Sweet Sixteen, Indeed

The Pulley Group’s first book, Sweet Sixteen: Great Colleges of the South, rolled of the presses last month.

We couldn’t be more thrilled, for ourselves and our client, the Associated Colleges of the South.

The book profiles ACS’s 16 members institutions–arguably the best private, liberal arts colleges in the American South. ACS undertook the project as a means of bolstering the national profiles of  its member institutions, institutions o fpost-secondary education that had attained peerless regional reputations.

The challenge was to differentiate a group of institutions that had much in common. In general, small, private liberal arts colleges look very much alike, and they tend to market themselves as offering a more intimate education than is found at large research universities. To make their case, they point to smaller classrooms, professors who know the students, and opportunities for undergraduate research and study abroad. At small colleges, they say, students don’t fall through the cracks.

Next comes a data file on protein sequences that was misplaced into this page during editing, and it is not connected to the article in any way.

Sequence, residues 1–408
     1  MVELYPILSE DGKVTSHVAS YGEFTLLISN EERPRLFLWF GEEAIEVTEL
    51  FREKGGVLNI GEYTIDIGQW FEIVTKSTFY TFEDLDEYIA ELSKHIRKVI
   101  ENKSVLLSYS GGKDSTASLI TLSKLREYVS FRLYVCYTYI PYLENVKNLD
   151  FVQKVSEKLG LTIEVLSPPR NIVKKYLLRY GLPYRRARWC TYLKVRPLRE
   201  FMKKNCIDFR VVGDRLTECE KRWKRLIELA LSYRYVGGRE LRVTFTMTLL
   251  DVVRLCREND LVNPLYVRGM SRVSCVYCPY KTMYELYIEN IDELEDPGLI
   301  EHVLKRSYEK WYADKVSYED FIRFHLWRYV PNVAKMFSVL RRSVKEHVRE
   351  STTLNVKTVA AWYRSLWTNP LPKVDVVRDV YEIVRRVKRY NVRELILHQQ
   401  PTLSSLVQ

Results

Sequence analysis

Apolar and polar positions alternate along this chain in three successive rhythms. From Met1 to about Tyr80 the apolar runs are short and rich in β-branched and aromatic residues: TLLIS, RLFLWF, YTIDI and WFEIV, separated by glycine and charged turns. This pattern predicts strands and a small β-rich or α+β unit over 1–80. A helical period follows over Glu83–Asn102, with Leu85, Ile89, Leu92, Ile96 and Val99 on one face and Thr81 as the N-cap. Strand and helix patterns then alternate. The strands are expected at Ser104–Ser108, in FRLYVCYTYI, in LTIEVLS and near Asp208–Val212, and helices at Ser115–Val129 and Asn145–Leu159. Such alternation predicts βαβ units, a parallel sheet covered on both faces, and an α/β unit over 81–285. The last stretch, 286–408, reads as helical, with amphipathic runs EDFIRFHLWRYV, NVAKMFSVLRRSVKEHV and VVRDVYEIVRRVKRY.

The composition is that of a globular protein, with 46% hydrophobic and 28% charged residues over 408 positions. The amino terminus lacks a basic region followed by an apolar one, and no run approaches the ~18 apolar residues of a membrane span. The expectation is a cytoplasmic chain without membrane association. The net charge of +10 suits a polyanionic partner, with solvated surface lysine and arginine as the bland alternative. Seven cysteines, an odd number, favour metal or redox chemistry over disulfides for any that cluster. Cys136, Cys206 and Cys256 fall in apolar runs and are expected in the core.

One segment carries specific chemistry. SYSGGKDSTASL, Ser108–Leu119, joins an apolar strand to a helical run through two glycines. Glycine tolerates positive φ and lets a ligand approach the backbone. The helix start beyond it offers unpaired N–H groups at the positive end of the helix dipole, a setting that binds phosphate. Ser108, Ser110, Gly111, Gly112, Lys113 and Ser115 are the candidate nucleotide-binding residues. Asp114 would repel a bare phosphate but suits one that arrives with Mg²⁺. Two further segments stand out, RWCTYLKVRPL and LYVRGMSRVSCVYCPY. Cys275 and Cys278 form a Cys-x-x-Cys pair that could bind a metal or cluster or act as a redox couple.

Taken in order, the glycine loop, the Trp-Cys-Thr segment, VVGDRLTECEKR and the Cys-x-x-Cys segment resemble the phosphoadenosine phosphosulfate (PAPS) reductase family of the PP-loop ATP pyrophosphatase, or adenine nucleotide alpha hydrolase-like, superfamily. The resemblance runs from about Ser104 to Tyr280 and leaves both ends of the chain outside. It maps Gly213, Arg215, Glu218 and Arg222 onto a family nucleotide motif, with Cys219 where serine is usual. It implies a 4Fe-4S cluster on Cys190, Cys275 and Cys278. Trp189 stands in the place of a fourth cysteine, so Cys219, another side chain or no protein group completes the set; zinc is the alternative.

So what makes Sewanne: The University of the South different from The University of Richmond? What differentiates Hendrix College from Washington and Lee University? To answer those questions, we took what we came to call The Barbecue Tour, a southern swing that took us to the campuses of all 16 institutions. We spent time on their grounds, visited classrooms, met with presidents, faculty members and students. We got a feel for the places.

We learned that Sewanee’s campus includes 13,000 contiguous acres on Tennessee’s Cumberland Plateau. Known as The Domain, the swath of Appalachia informs much of what happens at the college. The University of Richmond, tucked in a corner of Virginia’s capital city, thrives on contrasts. It’s a place that offers the “intimacy and engagement of a small residential college and the complexity of a university.”

We found that fraternities and sororities dominate the social scene at Washington And Lee University, yet at Hendrix College, in Arkansas, there are no Greek organizations. There are hundreds of similar examples.

On-the-ground research yielded the information that differentiated the institutions. In the writing world, finding the “telling detail” is like panning for gold.  In a crowded education marketplace, differentiating your institution from a universe of competitors is essential. In either case, hard work pays off.

To read or buy the book, visit ACS at http://www.colleges.org/book.html.

To read book samples and

Posted in News on 03/06/2012 04:15 pm

1 Comment

  1. you have brought up a very good points , thankyou for the post.

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